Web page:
Fair report: 1.54 Contemporary African Art Fair

16-20 October 2013, Somerset House, London

By ArtReview

Amadou Sanogo, 2013, acrylic on fabric. Amadou Sanogo, 2013, acrylic on fabric. Ernest Mancoba, untitled, 1986, 42 x 59 cm. Cyprien Tokoudagba,  Agbogbolinsou, 2007, mixed media on canvasm 113 x 153cm. Photo: ArtReview Malick Sidibé, Nuit de Noël, 1964. Photo: ArtReview Meschac Gaba, Perruque architecture – Milan 12 (Italie), 2006, braided artificial hair and mixed media, 56 x 20 x 30 cm. Photo: ArtReview Edson Chagas, Found not Taken, Luanda, 2013, courtesy the artist and Apalazzo Gallery Nestor Da, Untitled 18, Ondes de perturbation series, © Nestor Da 2012-Courtesy Galerie Cecile Fakhoury Paul Sika, L Appel de Lilian1 © Paul Sika 2012 - Courtesy Galerie Cecile Fakhoury Uche James-Iroha, Rolls Royce I, 2013, Oliver Enwonwu

‘African art’. It’s one of those things that the art market – like any historically western-centred power system – normally approaches rather crassly, lumping disparate nations into one apparently homogenous group. The title of this new addition to October art fair jamboree, 1:54, referring to the number of countries in the one continent, goes out of its way to avoid this neocolonialist faux pas.

 ‘Africa is not a country’ as the retort goes. Admittedly artistic director Koyo Kouoh, a Cameroonian-born curator who was one of the ‘cultural agents’ of last year’s Documenta, has not managed to represent every single African country – but with art by Tanzanean, Senegalese, Malian, Angolan and Beninese artists, and galleries from Mali, Equatorial New Guinea and Cote D’Ivoire, there is a wide selection on show – going beyond the usual couple of big South African outfits that inadequately represent the continent in mainstream art fairs. Alongside galleries actually based in Africa, are a selection of western dealers who have an interest in work from the region: Milan’s Galleria Continua, London’s Jack Bell and Berlin’s Mikael Andersen among them.

The latter was the only gallery to stage a presentation of a single artist, Ernest Mancoba, the South African painter who died in 2002; something that the neoclassical interior fixtures of the fair's venue, Somerset House, provided a fitting setting for.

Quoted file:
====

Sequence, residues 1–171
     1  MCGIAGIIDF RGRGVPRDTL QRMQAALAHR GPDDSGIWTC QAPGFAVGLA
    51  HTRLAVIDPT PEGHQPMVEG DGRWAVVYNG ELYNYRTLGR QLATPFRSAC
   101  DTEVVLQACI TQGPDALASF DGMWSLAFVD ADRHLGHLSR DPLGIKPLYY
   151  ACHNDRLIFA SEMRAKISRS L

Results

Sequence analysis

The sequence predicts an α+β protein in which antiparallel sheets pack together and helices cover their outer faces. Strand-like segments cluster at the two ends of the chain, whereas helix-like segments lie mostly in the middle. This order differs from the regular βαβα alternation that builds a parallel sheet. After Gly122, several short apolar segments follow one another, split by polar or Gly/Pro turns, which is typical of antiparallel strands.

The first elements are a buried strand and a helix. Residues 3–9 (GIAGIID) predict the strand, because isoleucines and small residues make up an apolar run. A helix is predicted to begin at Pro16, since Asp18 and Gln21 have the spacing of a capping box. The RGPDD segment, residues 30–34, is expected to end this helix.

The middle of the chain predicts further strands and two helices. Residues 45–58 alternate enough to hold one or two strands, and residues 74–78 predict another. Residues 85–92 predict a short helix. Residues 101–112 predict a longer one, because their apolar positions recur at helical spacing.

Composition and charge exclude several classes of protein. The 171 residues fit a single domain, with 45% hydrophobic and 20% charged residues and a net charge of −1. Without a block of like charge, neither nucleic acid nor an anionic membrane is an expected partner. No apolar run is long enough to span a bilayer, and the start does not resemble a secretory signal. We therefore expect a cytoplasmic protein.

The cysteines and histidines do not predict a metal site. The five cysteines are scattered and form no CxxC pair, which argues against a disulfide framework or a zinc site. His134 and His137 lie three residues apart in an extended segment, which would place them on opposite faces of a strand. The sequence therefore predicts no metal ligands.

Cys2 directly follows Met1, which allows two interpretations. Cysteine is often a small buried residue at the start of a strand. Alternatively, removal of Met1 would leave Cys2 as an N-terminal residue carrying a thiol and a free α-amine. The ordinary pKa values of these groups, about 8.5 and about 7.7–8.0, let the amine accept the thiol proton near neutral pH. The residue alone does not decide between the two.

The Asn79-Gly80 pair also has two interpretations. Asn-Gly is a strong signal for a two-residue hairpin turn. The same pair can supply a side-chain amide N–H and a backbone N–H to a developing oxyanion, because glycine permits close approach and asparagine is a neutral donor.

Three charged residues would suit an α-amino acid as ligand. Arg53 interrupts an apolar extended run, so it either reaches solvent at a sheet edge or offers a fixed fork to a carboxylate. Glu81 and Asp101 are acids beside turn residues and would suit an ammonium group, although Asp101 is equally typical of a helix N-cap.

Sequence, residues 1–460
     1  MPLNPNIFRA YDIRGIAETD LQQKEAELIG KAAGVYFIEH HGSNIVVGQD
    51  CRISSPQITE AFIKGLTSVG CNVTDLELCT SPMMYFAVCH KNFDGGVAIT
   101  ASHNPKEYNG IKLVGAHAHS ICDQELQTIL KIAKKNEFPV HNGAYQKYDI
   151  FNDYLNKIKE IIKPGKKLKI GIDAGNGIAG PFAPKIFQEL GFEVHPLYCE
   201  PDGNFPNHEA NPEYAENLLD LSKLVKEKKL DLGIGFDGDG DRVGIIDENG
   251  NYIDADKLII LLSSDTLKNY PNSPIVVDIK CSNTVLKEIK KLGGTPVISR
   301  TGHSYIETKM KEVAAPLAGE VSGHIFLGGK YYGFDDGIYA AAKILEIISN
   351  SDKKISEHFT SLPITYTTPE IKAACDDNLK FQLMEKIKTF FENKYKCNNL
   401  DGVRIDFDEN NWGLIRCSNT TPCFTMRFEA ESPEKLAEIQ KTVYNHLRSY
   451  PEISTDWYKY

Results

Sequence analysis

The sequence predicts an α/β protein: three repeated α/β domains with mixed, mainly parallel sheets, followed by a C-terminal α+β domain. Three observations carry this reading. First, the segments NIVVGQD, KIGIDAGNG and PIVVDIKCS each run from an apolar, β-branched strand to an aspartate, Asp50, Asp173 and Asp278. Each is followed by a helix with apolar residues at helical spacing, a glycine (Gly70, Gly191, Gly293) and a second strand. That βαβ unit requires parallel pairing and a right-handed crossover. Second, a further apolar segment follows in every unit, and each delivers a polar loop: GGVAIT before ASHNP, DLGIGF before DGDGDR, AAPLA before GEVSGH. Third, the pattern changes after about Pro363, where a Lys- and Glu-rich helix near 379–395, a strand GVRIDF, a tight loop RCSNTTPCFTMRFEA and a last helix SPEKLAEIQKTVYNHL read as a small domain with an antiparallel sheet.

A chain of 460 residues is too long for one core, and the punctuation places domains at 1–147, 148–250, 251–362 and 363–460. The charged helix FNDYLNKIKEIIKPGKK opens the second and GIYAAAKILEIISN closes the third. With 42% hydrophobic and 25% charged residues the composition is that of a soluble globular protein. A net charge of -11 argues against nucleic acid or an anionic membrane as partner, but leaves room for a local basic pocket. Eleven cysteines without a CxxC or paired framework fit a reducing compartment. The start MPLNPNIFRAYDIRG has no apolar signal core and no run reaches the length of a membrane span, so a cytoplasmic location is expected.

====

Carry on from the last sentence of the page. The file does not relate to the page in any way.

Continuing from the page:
The 21 ink and oil pastel or ink and watercolour on paper works were a fine demonstration of the artist’s fusion of South African figurative tradition with the European abstractionism that the artist was exposed to after his move to Paris in 1938, and subsequent marriage to the Danish sculptor, Sonja Ferlov Mancoba. Figures – perhaps humanoid, but not necessarily so, emerge out of Mancoda’s profusion of dulled markings. There’s something a little uncanny, feverish, to these undated, untitled, works.

In Magnin-A’s exhibition space, the Parisian gallery have two fine paintings by Amadou Sanogo, a young artist from Mali and possibly the most interesting ‘discovery’ from ArtReview’s perspective at the fair. Each is a faux-naïve rendition of a limbless individual in acrylic on apparently found fabric. In the first, the grey figure is perched on a stool, a green bottle sat on the merest suggestion of a bar in front of him/her/it. 

The second painting shows a black figure kissing what appears to be a boxing sack, a reverential victory routine perhaps. The amount of emotion conveyed by these sad portrait subjects, when compared to the dearth of formal detail that configure them, is testament to Sanogo’s skill.

Magnin-A also have an edition of Malick Sidibé’s Nuit de Noël hanging over one of the many fireplaces in the venue, making the 1963 photograph, which depicts a fashionable young Malian couple mid dance, the centepiece of their space (it’s a similar display trick played to great affect by the non-profit, privately funded, Museum of Modern Art, Equatorial New Guinea, who are showing a striking 2007 painting by the late Beninese artist Cyprien Tokoudagba depicting the Abomey King Guézo as a big blue bird, manhandling a human baby).

Examples of mid-twentieth century studio photography are in abundance throughout. While Sidibé’s work is reasonably familiar, there are other, less well-known names such as Adama Kouyaté, who likewise had a permanent studio, open to paying sitters, in Bamako during the late 1960s and 1970s.

Kouyaté’s portraits, a small selection of which appear on Ségou-based Carpe Diem’s stand, are joyous affairs, full of young hipsters striking confident poses – the men in flares and tight, half unbuttoned shirts, the women in fashionably cut print dresses. While perhaps whimsical in manner, they are onetheless intriguing documents of a particular social history.